The traditional lesser-known placenames of a locality are rooted in its
topography and cultural history and reflect the close relationship
between a community and its immediate environment. The names of
fields, rocks, inlets, submerged rocks, botharíns, landing places, humps
and hollows, and so on, contribute immensely to the rich tapestry of
times past. Through a study of their etymology, some of the layers of
our history can be partially unveiled. ‘Urlann’ and Cathair na Faithche
reflect the presence of pre-Christian forts while ‘An Caoinleach Fada’
and ‘Gort na Sciath’ depict past agricultural practices. Calaithe an Bháid,
Calaithe an Ghrin, Calaithe Léin and Cé, all landing places, indicate the
importance of the sea for fishing and as a means of transport for the
inhabitants of Oileán tSeanaigh.
A time when names such as Carraig na bPréachán; Leac a’ Stóra; An
Eitir; Portcáinín Coyle and The Raithneach Bank tripped off the tongues
of the local people is but a memory. Changes in land ownership, farming
patterns, and a general drift from the land associated with increased
urbanisation and emigration, have all increased the decline. The use of
modern technology in the fishing industry has replaced dependence on
the use of named markers as navigational aids. This has all been
compounded by a change in the spoken word. Many placenames which
originated in the Irish language have become disguised in a phonetic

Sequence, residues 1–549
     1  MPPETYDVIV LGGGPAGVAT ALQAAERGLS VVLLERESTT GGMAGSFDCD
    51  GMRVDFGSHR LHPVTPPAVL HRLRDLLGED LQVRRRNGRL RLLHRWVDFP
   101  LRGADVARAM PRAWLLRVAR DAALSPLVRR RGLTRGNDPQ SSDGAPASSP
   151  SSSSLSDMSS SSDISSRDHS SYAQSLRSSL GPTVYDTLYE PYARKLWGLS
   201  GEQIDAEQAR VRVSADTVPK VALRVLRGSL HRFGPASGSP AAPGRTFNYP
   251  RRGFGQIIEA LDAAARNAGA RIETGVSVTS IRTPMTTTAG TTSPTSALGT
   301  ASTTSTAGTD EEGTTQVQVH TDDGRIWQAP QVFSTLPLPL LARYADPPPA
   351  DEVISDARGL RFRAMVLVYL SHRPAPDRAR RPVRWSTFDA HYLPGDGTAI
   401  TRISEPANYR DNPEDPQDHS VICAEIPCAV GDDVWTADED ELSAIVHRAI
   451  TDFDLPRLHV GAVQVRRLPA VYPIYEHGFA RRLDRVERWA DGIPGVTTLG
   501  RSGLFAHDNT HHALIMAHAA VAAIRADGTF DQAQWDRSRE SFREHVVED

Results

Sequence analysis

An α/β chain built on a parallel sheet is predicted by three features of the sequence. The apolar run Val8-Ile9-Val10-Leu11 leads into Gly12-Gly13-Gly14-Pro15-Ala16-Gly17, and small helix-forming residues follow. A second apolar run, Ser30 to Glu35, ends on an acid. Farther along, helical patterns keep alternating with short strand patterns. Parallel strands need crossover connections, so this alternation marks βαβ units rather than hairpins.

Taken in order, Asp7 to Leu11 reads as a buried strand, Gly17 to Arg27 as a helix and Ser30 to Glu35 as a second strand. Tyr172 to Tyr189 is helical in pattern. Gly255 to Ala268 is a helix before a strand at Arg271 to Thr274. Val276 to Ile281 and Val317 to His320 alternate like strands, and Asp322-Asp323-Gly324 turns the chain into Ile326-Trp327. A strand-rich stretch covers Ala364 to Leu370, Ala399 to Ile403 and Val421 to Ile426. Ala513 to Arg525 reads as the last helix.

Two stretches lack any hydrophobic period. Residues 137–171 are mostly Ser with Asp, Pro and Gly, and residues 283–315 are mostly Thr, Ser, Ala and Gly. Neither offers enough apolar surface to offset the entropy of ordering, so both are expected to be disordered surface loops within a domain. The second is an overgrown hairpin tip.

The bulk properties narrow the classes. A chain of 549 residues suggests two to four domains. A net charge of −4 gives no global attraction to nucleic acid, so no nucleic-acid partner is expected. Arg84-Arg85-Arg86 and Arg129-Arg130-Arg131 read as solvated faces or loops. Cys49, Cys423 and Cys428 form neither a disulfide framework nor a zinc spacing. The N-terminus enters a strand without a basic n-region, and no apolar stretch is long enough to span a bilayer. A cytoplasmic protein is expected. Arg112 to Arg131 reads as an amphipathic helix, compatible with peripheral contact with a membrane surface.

English spelling which conceals their original meaning. Furthermore,
dramatic changes to the coastline over the centuries has also obscured
the reason why a location acquired its name. Indeed, the locations of
many known placenames within the locality have been lost.
As passing time is the greatest enemy of our collective memory, the
decline in the use of our traditional placenames has led to increased
interest in their collection and recording. In light of this, Maharees
Conservation Association, assisted by funding from FLAG South West,
are in the process of collecting and recording approximately two
hundred and fifty of the traditional placenames of Maharees. The
outputs of the project will include drawn maps of Maharees locating the
placenames; the phonetic pronunciation of all Irish words; the origin
and meaning of the placename; any other interesting information
associated with the site and photographs of selected locations.
All of the information will be freely available on a specially constructed
website. A free booklet with all of the assembled information will be
distributed to households in Maharees and to members of the Maharees
Thank you to all contributors!
The completion of this project will require a significant local
contribution of €2,000.